Amidst the legal intricacies surrounding Israel’s sustained brutal assault on Gaza, a contentious dialogue has emerged, with opinions oscillating between assertions of war crimes and crimes against humanity on one side and the graver accusation of genocide on the other. Seeking clarity on the matter within the framework of international law, we sought the expertise of legal scholar Maha Abdallah to understand Israel’s relentless onslaught against Palestinians in the Gaza Strip.
Maha Abdallah is a graduate teaching assistant and doctoral researcher in public international law at the Faculty of Law, University of Antwerp. Her research focuses on genocide, settler colonialism, and the Palestinian people. Maha has carried out legal research and human rights advocacy before UN and EU mechanisms and institutions with a primary focus on Palestine since 2013. She continues to be active with civil society on several issues relevant to human rights, social justice, and challenging corporate impunity.
- Many legal scholars and rights groups have labeled Israel’s military assault on Gaza as ‘textbook genocide,’ while others argue against this characterization. How would you define Israel’s actions in the conflict?
The crime of genocide is defined under the Convention on the Prevention and Punishment of the Crime of Genocide (Genocide Convention) as the intentional destruction of a group, in whole or in part, based on their identity as a national, ethnical, racial, or religious group. The Convention lists five punishable acts, including killing; causing serious bodily or mental harm; and deliberately inflicting conditions of life calculated to bring about the physical destruction of a group, in whole or in part, to be committed with the specific intent.
The intent to destroy a group in whole or in part, which is fundamental and unique to the crime of genocide, is usually the hardest to prove as most perpetrators do not usually publicize their plans to eliminate a group of people.
However, Israel’s retaliatory and vengeful military campaign against the Gaza Strip since 7 October, has featured clear statements publicly and repeatedly made by the Israeli government and military officials dehumanizing Palestinians characterizing them as “human animals” and demonstrating intent to inflict large-scale destruction, turning Gaza into ruins, and to impose a total siege prohibiting the entry of food, water, medical supplies, and fuel against an already besieged population of 2.3 million Palestinians.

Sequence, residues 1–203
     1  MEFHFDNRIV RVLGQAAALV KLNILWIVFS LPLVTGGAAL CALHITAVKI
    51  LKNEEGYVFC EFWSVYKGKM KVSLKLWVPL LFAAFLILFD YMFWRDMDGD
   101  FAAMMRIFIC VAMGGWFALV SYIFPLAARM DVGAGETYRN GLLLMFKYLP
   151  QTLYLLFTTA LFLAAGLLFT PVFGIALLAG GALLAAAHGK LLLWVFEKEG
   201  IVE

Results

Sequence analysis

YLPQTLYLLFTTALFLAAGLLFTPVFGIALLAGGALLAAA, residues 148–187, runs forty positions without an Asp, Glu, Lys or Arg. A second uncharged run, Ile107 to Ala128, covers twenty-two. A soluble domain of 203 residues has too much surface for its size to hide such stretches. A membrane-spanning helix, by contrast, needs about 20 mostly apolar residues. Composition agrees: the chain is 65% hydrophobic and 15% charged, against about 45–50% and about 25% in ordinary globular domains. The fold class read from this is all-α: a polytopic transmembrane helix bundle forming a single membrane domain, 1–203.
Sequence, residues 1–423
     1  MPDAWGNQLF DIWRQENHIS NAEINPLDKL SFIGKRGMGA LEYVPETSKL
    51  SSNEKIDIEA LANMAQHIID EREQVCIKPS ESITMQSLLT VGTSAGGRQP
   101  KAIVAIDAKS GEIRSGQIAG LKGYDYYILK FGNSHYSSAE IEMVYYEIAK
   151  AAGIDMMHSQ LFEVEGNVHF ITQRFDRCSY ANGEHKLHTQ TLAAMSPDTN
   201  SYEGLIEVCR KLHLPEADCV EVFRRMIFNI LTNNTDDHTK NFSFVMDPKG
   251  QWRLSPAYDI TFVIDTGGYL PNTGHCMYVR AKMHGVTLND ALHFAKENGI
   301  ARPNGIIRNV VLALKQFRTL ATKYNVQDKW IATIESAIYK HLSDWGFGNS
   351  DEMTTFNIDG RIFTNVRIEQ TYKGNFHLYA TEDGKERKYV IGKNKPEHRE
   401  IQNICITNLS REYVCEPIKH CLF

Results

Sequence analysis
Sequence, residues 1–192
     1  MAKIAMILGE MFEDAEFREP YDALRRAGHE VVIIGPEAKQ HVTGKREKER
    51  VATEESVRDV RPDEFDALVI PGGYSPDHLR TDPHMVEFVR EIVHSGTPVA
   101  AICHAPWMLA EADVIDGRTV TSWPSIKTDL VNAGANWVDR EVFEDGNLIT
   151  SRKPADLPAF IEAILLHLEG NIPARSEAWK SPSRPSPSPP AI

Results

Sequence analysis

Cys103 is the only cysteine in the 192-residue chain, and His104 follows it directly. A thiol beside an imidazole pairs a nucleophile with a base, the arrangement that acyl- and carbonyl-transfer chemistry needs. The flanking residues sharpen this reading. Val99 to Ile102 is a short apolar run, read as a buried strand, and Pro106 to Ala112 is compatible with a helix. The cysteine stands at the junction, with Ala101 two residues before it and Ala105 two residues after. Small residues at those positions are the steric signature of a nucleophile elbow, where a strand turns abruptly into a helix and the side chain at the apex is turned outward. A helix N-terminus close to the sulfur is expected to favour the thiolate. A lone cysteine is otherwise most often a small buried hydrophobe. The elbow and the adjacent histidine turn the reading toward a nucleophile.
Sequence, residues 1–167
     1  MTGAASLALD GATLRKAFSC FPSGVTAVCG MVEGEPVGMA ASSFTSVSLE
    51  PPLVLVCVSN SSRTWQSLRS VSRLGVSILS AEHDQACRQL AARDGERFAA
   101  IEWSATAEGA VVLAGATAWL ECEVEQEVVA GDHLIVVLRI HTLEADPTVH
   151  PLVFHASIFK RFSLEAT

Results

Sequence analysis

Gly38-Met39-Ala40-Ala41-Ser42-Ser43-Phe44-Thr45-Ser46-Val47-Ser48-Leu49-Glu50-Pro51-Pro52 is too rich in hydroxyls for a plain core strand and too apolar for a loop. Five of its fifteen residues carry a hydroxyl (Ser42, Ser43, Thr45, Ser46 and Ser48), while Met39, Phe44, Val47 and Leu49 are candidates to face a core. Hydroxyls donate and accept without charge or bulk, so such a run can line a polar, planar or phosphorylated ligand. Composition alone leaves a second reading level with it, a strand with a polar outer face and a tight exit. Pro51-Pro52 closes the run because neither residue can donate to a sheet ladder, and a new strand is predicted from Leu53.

Besides the relentless carpet bombing, mass scale destruction of entire neighborhoods and areas, Israel has repeatedly pushed Palestinians in Gaza to evacuate into the southern areas of Gaza that are also subject to shelling and strikes and do not have the minimum resources or capacity to absorb hundreds of thousands of fleeing and displaced persons. There are almost 2.3 million people in Gaza, about 85 percent of the population, who are estimated to be internally displaced, including those who have been displaced multiple times throughout the course of this aggression. The number of Palestinians killed to date is estimated at more than 18,000, including more than 7,000 children, while thousands remain missing under the rubble, and more than 50,000 have been injured or maimed.
Israel’s imposition of a “total siege” on Gaza, which it declared publicly, depriving water, food, fuel, medicine, and medical supplies – as basic means of survival – for 2.3 million Palestinians – and against the backdrop of an already existing 16-year long Israeli closure at land, air, and sea that impoverished Gaza and turned it “uninhabitable”, can only lead to the physical destruction of the population therein.
In its current aggression, Israel has used starvation as a method of warfare. Despite the little aid that has been allowed to enter, people still lack food and fuel to cook. Most bakeries are not operational, due to the lack of fuel, water, and wheat flour, and structural damage. Animals that could produce food or be food are at imminent threat of death because they are starving. Breastfeeding mothers and children already have nutritional deficiencies. Since 11 October, Gaza has been under an electricity blackout. Communications have been deliberately cut and disrupted repeatedly – until today and during the truce. The health sector has collapsed with only a few remaining hospitals functional and with limited capacities.
All these, together with the ongoing forced displacement and transfer of over 1.8 million Palestinians under inhumane conditions, are recognized as methods through which perpetrators have created circumstances and conditions of life to bring about the physical destruction of a group, in whole or in part – a process of slow death, as the International Tribunal on the Rwanda genocide refers to it.